Two and four channel PCIe SSD ...

Discussion in 'MacBook Pro' started by takosan, Apr 4, 2015.

  1. takosan macrumors newbie

    Joined:
    Sep 4, 2009
    #1
    Looking to when Apple compatible PCIe SSD becomes available from third parties, in particular is the rMBP from mid-2014 capable of using four channels?

    In general is this technology a function of (1) PCIe controller on the motherboard (2) the SSD itself or (3) both?

    Reading about the double the throughput in the newer early-2015 rMBP and was wondering.
     
  2. yjchua95 macrumors 604

    Joined:
    Apr 23, 2011
    Location:
    GVA, KUL, MEL (current), ZQN
    #2
    It's the SSD itself.

    Late-2013/mid-2014 ones all can support 4 lanes, but the XP941-based SSDs are only 2 lanes with 512GB and smaller sizes, and 4 lanes with 1TB capacities.

    The early-2015 ones with SM951-based SSDs have 4 lanes across all capacities.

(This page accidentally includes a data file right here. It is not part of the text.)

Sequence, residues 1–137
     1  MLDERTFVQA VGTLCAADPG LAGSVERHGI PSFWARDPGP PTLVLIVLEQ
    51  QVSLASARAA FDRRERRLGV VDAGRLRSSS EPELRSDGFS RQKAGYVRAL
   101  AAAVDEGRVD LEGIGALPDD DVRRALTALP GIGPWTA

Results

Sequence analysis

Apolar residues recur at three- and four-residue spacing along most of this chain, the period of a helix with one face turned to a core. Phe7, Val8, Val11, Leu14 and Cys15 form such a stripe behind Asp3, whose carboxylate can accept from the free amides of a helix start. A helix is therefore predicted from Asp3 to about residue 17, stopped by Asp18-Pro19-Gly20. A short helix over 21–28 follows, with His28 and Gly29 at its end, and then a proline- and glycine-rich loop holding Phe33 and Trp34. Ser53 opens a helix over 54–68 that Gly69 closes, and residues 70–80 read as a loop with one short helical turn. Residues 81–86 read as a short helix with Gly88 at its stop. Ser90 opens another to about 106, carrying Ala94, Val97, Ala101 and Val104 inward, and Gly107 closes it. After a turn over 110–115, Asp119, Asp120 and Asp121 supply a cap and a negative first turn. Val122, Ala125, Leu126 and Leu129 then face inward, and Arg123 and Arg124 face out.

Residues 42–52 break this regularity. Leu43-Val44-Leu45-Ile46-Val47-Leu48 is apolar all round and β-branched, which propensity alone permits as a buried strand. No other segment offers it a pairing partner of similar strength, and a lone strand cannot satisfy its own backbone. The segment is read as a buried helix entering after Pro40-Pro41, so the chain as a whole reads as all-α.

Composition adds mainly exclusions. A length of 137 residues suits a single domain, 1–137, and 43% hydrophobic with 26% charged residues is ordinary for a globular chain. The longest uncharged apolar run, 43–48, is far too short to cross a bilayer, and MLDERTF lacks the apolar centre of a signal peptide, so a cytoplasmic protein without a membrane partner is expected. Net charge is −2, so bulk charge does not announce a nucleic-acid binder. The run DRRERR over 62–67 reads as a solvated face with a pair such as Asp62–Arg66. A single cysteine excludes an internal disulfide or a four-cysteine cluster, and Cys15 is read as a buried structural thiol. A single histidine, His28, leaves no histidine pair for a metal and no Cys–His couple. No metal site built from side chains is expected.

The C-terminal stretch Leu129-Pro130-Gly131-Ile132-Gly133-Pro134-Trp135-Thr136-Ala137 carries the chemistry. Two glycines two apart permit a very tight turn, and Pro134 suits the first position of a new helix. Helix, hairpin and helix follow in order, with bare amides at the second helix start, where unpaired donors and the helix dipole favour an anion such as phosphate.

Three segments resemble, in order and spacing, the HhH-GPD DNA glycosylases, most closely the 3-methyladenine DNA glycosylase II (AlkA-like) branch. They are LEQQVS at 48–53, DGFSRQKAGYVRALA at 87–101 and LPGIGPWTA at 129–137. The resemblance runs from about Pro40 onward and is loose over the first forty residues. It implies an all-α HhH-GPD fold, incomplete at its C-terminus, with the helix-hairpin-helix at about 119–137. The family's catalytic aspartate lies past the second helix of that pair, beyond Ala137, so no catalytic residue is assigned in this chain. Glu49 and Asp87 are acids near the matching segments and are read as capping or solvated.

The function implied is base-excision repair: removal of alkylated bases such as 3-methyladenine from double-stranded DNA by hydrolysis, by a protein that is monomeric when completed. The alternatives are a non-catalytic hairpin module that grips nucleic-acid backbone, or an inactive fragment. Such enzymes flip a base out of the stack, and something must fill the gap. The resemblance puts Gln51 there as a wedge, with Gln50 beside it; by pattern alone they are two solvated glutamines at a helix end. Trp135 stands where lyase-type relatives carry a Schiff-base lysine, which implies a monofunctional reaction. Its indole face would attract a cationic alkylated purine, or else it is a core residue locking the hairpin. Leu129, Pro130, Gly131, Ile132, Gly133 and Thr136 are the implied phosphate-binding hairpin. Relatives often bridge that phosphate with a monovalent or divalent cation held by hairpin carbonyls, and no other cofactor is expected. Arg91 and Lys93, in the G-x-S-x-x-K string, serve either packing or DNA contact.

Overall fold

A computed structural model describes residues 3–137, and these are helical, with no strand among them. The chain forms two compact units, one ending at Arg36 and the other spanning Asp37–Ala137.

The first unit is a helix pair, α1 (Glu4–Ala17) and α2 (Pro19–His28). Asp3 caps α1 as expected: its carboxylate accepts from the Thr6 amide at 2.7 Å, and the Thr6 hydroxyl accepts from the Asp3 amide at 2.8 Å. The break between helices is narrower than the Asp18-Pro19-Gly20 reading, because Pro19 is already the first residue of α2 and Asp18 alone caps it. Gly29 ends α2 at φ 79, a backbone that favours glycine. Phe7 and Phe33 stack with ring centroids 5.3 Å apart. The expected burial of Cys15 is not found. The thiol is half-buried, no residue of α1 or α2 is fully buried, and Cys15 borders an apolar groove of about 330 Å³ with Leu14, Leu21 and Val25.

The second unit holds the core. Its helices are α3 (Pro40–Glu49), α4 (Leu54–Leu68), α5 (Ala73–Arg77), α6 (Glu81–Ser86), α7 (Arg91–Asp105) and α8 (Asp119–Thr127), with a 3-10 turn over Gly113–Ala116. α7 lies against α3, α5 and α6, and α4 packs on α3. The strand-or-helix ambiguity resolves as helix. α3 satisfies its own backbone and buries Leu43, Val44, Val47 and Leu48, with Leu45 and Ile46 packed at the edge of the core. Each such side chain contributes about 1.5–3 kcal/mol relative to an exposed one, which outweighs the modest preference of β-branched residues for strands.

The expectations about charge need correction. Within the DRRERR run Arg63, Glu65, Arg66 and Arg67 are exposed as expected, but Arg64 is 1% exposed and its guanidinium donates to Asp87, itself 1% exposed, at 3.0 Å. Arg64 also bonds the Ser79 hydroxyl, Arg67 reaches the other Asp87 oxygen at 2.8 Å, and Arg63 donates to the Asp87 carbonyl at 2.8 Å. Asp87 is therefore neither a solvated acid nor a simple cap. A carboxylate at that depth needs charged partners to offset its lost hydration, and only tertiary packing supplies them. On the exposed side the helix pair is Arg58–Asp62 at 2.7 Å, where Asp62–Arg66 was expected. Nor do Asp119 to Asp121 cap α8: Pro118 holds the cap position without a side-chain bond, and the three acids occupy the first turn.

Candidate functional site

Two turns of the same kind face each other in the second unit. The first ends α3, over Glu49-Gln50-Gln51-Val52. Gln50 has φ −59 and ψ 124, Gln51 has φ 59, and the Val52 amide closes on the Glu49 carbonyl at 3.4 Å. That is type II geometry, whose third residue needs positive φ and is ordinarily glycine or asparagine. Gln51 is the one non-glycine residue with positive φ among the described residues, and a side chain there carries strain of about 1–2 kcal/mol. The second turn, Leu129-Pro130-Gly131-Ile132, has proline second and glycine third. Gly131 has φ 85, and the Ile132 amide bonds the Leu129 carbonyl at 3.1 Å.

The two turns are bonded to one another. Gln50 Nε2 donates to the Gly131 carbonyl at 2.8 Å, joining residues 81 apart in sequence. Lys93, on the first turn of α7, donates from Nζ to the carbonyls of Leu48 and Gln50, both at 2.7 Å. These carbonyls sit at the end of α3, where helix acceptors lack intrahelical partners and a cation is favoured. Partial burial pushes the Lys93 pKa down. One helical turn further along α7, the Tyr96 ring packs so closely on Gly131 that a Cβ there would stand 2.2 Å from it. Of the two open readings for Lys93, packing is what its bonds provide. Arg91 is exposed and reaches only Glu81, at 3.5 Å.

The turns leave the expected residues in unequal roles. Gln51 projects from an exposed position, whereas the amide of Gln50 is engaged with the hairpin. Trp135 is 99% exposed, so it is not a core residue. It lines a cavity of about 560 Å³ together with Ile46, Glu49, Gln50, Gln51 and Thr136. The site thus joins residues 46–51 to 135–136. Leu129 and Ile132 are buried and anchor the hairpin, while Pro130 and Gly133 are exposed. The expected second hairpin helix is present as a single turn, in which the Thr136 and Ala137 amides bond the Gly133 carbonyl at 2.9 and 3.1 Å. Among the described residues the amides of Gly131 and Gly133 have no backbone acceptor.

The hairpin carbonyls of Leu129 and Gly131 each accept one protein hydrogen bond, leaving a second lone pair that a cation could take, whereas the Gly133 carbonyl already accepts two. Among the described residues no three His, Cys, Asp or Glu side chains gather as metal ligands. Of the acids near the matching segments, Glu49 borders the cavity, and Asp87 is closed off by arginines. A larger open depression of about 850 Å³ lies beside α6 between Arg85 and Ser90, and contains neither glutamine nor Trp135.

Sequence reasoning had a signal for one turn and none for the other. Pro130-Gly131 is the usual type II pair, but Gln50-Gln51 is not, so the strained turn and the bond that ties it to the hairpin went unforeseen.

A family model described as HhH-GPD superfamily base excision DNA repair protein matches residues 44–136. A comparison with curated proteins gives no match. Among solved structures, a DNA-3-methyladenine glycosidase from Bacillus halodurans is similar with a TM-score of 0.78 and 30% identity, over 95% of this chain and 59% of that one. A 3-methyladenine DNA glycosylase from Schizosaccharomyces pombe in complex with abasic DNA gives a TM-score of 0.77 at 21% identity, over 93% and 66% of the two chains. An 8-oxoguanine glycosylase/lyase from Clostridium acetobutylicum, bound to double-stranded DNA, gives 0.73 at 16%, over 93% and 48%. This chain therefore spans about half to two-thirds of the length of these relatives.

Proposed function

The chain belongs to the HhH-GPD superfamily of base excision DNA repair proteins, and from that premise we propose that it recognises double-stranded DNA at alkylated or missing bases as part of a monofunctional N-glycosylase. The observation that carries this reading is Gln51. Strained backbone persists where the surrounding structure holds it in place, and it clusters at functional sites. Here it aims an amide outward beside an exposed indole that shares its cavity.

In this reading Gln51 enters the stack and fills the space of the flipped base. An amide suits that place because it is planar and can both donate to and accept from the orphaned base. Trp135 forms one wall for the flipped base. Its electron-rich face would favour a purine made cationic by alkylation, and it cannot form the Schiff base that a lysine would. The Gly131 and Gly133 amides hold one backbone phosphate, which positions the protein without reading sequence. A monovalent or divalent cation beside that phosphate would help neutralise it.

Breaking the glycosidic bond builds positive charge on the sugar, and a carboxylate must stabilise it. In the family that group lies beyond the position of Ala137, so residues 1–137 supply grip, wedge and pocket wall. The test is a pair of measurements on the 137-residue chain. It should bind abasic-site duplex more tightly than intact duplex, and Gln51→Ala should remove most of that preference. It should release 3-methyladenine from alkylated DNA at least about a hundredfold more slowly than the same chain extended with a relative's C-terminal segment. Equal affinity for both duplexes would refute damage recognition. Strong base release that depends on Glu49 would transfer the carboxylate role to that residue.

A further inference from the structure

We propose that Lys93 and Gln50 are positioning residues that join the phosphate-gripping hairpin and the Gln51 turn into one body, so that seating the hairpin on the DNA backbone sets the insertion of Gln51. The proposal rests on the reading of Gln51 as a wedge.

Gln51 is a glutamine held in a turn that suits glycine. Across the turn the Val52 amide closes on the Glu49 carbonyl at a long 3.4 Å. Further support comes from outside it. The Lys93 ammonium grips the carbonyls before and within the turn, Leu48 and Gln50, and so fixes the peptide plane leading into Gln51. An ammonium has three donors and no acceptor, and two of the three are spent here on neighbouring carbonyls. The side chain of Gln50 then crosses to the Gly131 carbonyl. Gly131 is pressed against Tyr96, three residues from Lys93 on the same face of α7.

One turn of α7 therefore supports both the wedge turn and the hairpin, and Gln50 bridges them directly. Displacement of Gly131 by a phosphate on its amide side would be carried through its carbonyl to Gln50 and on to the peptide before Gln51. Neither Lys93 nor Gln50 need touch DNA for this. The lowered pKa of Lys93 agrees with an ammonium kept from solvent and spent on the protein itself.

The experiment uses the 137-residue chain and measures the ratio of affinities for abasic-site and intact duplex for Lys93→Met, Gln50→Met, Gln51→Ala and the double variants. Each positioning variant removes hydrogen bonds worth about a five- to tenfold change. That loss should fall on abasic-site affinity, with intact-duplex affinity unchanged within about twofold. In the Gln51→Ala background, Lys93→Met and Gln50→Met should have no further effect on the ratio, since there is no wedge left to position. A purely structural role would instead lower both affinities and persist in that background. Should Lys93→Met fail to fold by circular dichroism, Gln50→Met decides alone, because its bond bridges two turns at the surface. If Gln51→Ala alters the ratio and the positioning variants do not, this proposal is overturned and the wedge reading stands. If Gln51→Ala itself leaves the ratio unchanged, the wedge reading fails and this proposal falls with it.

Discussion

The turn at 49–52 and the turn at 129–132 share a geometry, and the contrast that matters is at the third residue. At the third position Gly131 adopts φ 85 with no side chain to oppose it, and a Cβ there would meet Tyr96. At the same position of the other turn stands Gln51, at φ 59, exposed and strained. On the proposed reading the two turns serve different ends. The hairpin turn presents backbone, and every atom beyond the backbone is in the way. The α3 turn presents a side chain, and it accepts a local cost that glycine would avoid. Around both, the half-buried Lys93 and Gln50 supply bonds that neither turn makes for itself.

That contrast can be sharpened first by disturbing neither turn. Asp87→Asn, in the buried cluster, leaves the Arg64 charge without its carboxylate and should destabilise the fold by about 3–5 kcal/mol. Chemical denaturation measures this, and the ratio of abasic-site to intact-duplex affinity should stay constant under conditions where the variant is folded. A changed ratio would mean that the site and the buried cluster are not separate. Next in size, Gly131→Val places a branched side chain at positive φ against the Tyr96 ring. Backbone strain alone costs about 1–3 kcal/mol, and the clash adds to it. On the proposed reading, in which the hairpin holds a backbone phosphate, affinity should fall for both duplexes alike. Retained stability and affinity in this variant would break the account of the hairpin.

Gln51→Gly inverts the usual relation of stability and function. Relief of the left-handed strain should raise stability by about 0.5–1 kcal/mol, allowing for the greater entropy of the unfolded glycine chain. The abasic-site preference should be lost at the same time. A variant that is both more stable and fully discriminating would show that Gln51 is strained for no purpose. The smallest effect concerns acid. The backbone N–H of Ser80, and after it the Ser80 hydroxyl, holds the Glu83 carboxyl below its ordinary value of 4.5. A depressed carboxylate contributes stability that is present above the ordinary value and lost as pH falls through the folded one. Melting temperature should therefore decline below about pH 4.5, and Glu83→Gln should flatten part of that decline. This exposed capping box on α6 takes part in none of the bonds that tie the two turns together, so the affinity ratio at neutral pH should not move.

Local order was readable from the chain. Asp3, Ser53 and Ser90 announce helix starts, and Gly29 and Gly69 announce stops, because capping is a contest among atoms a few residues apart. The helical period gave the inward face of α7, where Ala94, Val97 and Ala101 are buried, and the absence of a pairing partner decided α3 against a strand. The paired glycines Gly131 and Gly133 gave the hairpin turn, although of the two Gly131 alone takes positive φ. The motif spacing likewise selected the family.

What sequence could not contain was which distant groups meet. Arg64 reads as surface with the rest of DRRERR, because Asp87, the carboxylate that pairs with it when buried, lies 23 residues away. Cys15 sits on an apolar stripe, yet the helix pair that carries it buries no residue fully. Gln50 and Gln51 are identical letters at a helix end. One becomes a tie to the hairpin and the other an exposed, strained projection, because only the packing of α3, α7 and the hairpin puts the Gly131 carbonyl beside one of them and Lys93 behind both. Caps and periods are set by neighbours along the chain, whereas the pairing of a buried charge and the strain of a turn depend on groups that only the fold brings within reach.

It's either the SSD itself, or the SSD controller on the drive (and not the motherboard).
     
  3. magbarn macrumors 68000

    Joined:
    Oct 25, 2008
    #3
    Assuming it's the same connector, theoretically you could put a 2015 SSD in a 2013-2014 rMBP and get the speed boost?
     
  4. thadoggfather Suspended

    thadoggfather

    Joined:
    Oct 1, 2007
    #4
    I'd be curious about this too (for curiosity purposes, I have a 2015 rMBP)
     
  5. yjchua95 macrumors 604

    Joined:
    Apr 23, 2011
    Location:
    GVA, KUL, MEL (current), ZQN
    #5
    The connector is identical, and the form factor looks to be the same as well according to the iFixit teardown of the Broadwell 13" rMBP.
     
  6. takosan thread starter macrumors newbie

    Joined:
    Sep 4, 2009
    #6
    Thank you for the education folks!

    It is good to know that the controller on the more expensive side of the equation can accommodate a SSD with a controller that uses four channels.

    Actually now that I reread the thread ... I may have read somewhere that someone put a Mac Pro's SSD into rMBP and the result was an I/O boost ...
     

Share This Page